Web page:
The European Union is getting closer to a common position for a European regulation on net neutrality. The Latvian presidency, who started to lead the Council in January 2015, circulated a draft proposal* which received a substantial support by other governments – although a final agreements still need to be reached – and it is now under discussion article by article.
It is premature to say whether this proposal will result in a final framework for net neutrality in Europe. In fact, a few fundamental areas of disagreement persists within the Member States, while the European Parliament it expected to object the current draft, which looks very different from the text deliberated by the same Parliament in April 2014. My impression is that the Council is voluntarily preparing an unbalanced proposal in order to have more margins of maneuver while negotiating with the European Parliament. Exactly for the same reasons why the Member States are proposing to end roaming in 2018 instead of 2015, contrary to what advocated by the European Parliament. This is what we call “Bazaar negotiations“.
The pending disagreement within the Member State: Zero Rating
The main problem is how to address the so-called “positive discrimination”, also named as “Zero Rating” models. This is the model whereby, in data caps subscriptions (i.e. when the ISP limits the quantitative usage by subscribers), the traffic of some privileged services is discounted by the customer’s allowance. Users my be induced to use such privileged services for the sample reasons that their traffic data allowance will not be affected, irrespective of the value/quality of the alternatives. Clearly, this is a way permitting an ISP to favor some services (which in return are paying the ISP) while discriminating others. The impact of this practice on the market will probably depends on the level of the allowance, the price structure of the offers and mainly with respect to traffic-consuming services such (as streaming). The worst scenario (if any) would consist in a 2-tier Internet environment: by using the positive discrimination, dominant ISP could create a basket of premium services which subscribers will normally use, unless they prefer to use alternative services whose traffic, however, must be counted in the normal allowance.
European citizens are not familiar with such practices, because data caps offers are still rare and mostly confined in the mobile sector. Facebook tried to launch this system in African countries in order to facilitate the rise of Internet services (and trying to become the dominant platform for that). However, European dominant ISP are seriously testing this option, which seems for them less problematic than the specialized/managed service option. An example is the Zero-Sporify of T-Mobile. To time, we know that Zero-Rating is prohibited and the Netherlands and Slovenia, the only European countries where a national net neutrality legislation is in force. Accidentally, both in the Netherlands and Slovenia local ISPs have been fined by the national authorities for practices infringing net neutrality also in connection with Zero-Rating tariffs schemes.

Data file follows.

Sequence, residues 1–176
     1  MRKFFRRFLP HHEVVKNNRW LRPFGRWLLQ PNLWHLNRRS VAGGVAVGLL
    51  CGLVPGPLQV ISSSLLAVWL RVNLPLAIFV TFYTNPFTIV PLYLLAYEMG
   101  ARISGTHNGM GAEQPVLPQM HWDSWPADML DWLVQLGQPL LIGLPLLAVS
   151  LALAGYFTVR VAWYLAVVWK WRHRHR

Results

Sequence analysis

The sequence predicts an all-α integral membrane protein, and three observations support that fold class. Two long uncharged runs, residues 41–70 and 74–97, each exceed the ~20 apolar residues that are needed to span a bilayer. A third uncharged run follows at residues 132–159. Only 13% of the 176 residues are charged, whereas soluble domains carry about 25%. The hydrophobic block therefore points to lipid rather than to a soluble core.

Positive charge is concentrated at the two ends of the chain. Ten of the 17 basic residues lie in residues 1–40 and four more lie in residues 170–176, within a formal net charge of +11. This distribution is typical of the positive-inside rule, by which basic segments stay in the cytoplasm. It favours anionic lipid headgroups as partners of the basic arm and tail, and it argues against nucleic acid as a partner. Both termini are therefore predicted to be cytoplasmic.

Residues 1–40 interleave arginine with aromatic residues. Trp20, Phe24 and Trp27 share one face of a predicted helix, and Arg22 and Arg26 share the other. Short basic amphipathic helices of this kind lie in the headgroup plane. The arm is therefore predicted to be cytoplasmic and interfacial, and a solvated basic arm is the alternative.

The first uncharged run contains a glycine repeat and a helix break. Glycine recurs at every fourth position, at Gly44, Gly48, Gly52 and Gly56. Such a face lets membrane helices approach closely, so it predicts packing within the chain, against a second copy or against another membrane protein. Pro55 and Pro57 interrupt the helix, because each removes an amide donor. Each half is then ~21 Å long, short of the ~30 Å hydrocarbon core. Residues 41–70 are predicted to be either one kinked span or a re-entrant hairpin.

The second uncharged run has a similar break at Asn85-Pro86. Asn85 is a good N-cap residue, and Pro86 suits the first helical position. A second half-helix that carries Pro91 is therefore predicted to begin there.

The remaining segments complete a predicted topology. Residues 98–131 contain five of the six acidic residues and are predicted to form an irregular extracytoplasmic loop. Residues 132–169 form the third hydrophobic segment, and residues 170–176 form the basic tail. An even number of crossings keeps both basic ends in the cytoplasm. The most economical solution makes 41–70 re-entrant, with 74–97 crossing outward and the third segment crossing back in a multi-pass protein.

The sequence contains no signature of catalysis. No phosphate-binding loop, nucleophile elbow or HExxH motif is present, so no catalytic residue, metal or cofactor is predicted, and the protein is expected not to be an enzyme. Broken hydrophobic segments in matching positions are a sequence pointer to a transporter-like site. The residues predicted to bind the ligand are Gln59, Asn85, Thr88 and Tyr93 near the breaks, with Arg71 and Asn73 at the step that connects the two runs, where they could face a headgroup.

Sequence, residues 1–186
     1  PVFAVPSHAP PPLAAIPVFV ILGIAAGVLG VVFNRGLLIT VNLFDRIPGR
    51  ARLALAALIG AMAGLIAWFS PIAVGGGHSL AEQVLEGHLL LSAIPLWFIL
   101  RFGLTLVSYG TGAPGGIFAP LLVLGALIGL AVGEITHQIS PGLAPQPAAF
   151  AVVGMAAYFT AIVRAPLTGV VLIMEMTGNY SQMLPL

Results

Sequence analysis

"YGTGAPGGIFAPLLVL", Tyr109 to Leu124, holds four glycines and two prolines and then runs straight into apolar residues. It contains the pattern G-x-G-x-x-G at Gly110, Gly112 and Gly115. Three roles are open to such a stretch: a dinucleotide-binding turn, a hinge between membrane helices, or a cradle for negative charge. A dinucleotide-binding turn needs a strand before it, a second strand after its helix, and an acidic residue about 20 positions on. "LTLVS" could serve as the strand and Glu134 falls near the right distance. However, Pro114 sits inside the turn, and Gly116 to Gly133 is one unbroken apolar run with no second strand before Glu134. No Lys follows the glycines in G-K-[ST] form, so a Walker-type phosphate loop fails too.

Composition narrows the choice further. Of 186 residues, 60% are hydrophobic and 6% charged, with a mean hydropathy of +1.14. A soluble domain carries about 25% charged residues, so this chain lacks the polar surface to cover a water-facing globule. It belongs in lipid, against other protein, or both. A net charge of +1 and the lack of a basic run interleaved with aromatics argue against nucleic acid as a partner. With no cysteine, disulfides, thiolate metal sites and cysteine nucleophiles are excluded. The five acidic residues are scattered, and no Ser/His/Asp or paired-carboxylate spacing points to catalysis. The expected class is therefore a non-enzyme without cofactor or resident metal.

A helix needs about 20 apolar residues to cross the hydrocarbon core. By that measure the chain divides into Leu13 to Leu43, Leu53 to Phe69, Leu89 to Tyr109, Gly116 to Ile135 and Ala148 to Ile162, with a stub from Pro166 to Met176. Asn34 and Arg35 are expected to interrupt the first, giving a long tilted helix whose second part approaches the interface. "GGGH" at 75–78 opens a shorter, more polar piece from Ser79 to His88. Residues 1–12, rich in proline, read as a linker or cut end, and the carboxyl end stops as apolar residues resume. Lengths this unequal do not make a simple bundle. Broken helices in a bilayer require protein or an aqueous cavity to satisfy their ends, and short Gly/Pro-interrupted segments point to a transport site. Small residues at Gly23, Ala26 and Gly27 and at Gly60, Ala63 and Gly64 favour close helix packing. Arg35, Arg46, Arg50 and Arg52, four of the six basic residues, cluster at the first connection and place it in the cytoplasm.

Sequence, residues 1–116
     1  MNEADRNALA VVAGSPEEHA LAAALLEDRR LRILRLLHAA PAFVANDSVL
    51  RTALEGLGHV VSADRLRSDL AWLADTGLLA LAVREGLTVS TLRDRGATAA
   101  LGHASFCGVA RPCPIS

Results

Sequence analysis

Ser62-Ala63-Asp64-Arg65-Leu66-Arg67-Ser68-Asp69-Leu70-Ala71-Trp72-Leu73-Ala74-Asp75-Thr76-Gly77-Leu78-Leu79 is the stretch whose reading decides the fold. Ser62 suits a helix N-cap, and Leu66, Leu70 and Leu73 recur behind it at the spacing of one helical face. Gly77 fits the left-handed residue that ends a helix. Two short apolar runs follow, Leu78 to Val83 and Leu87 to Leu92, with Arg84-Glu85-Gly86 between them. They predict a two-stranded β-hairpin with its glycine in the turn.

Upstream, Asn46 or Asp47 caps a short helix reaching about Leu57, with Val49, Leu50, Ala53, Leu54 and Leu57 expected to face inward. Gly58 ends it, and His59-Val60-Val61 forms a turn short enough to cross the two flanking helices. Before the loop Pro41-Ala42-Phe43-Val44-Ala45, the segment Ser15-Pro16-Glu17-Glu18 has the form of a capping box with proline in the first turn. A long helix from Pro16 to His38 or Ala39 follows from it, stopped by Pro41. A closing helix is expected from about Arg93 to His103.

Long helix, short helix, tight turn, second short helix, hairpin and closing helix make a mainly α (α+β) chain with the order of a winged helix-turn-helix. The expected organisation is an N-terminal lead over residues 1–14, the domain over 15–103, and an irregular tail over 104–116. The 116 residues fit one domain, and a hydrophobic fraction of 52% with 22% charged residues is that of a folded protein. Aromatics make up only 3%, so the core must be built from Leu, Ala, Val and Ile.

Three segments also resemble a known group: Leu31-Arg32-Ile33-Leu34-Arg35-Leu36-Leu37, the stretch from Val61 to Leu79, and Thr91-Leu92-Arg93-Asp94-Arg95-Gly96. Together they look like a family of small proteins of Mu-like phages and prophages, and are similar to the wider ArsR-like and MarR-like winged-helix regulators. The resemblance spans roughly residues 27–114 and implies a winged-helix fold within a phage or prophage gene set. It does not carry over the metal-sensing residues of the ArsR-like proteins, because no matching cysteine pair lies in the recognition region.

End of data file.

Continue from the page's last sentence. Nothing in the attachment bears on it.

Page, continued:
Thus, how to address Zero-Rating is still an area of disagreement amongst Member States: there is no majority in the Council to insert an ad hoc provision, or even a prohibition, however there is a blocking minority able to influence the final outcome of the reform.
The potential disagreement with the European Parliament
Should the Council find an agreement, one would wonder whether the expected draft may be ever agreed with the European Parliament. The latter made a position in April which was very strict with regard to the treatment of specialized/managed services, since it laid down a clear (and even very detailed) definition, while requiring that connectivity dedicated to such services to be clearly distinct from that used for the open Internet (best effort). By contrast, the Latvian Presidency leaves ISPs free to do whatever they want, upon the sole condition that the basic Internet access “is not impaired”. This guarantee seems to many authors, and especially libertarians, too weak.
The reference to the term “net neutrality” was also deleted from the text, despite the wishes of the European Parliament – a decision which is not terrible per se (since the content of the “net neutrality” term still needs to be defined”) but having however a strong symbolic impact. It is worth-noting that already in last November an important number of MEPs, lead by Dutch liberal MEP Schaake, wrote a letter/manifesto complaining with the relaxation of NN rules by the Council (in that case, the author of the crime was the Italian presidency). a
The Latvian Presidency also re-introduced the unlimited freedom for ISPs to impose data-caps offers to consumers and therefore allowing the former to develop Zero-Rating offers. Therefore, unless the Council finds a way how to treat with this problem, the European Parliament is expected to challenge that part of the proposed reform.
The Latvian Presidency seems confident to find an agreement within the Council by February, so as to start Trilogue negotiations quite soon. In order to be able to strongly negotiate with the European Parliament, they will need the European Commission to back the Council’s position. Would Kroes be still there, this wouldn’t be a problem (the Dutch Commissioner was eager to close the package at all costs). However, with the current institutional system the situation becomes more complicated: while Commissioner Oettinger, responsabile for DG Connect and relatively closer to big telecoms, is expected to support the Latvian proposal, a more complex position may come from Ansip, the Vice-president responsabile for the Digital Single Market. Ansip has publicly spoken in favor of the open Internet and he will like back the concerns risen by citizens and libertarian associations.